It is a striking fact that many of the molecules which are essential to 

living systems are conjugated systems exhibiting the phenomenon electronic 

derealization. In the nucleic acids, for example, the purines and 

pyrimidines are conjugated systems. Although the proteins do not, at 

first sight, appear to enjoy this property, a closer look shows us 

that the matrix of hydrogen bonding which exists in a protein molecule 

provides a certain measure of electronic derealization. In the high 

energy phosphates, there is interaction between the mobile electrons 

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of one phosphoryl group with those of another. The porphyrins, for 

example chlorophyll and haem, which are of paramount importance in 

living systems are highly conjugated molecules, 

Even this meager consideration of electron derealization leads 

us to the following conclusions: 

(a) Evolutionary selection used the most stahle compounds, 

(b) On account of electron derealization these compounds were best 

adapted for biological purposes. 

(c) The possibility of life as we know it was made more probable by 

the appearance of these compounds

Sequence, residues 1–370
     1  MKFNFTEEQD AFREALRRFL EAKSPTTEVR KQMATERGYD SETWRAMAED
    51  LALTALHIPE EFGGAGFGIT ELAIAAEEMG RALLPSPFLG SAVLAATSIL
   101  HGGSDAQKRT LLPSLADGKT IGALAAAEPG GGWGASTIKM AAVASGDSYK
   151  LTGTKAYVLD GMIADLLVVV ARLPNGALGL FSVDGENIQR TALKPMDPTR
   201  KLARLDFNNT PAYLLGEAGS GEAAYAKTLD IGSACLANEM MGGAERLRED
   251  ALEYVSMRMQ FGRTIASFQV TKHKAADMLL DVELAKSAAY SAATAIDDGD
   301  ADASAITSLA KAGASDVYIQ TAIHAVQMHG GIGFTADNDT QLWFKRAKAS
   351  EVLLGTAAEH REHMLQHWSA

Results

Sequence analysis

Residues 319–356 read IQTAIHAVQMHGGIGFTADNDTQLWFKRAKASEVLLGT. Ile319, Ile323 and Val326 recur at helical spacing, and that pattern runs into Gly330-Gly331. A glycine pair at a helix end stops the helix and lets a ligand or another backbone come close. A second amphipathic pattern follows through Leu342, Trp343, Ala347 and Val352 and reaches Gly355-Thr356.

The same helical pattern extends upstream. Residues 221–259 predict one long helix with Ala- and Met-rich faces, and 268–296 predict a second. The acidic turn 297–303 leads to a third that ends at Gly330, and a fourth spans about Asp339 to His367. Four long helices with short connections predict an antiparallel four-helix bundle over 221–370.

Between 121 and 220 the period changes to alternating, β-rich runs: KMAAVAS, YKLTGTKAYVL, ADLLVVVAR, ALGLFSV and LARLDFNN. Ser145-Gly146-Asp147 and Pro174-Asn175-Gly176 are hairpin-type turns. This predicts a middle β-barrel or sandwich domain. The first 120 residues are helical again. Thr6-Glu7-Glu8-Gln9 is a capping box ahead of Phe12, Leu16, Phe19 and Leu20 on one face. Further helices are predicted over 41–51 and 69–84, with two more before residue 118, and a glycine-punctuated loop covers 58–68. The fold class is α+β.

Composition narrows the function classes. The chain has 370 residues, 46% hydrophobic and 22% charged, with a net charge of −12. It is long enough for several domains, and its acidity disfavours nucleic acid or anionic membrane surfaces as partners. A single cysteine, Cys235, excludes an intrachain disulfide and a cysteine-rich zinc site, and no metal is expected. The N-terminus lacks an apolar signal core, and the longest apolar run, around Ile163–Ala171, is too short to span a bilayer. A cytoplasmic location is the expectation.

The choice of conjugated systems is perhaps the most important quantum 

chemical effect in biochemical evolution. 

Carbon and silicon appear in the same group of the periodic table 

and both need k electrons to reach the configuration of the nearest inert 

gas. On account of this superficial and apparent similarity between 


carbon and silicon the question of a "silicon biology" has often been 

raised in discussions on the origin of life. However, a careful 

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consideration seems to indicate that such a prospect is very unlikely. 

One answer to the question is forthcoming from a consideration 

of cosmic abundance. Carbon is certainly more prevalent than silicon 

in the universe. Another reason arises from the fact that hydrogen, 

carbon, nitrogen, and oxygen have been utilized in living systems, 

since they are the smallest elements in the periodic table and can 

achieve the stability of inert gases by the addition of 1, 2, 3, and 

h electrons. Small atoms form tight and stable molecules. They can 

also form multiple bonds. In comparison to carbon, silicon forms 

weaker bonds with itself and other atoms. Silicon does not form multiple 

bonds, and the result is the formation of large polymers, like quartz,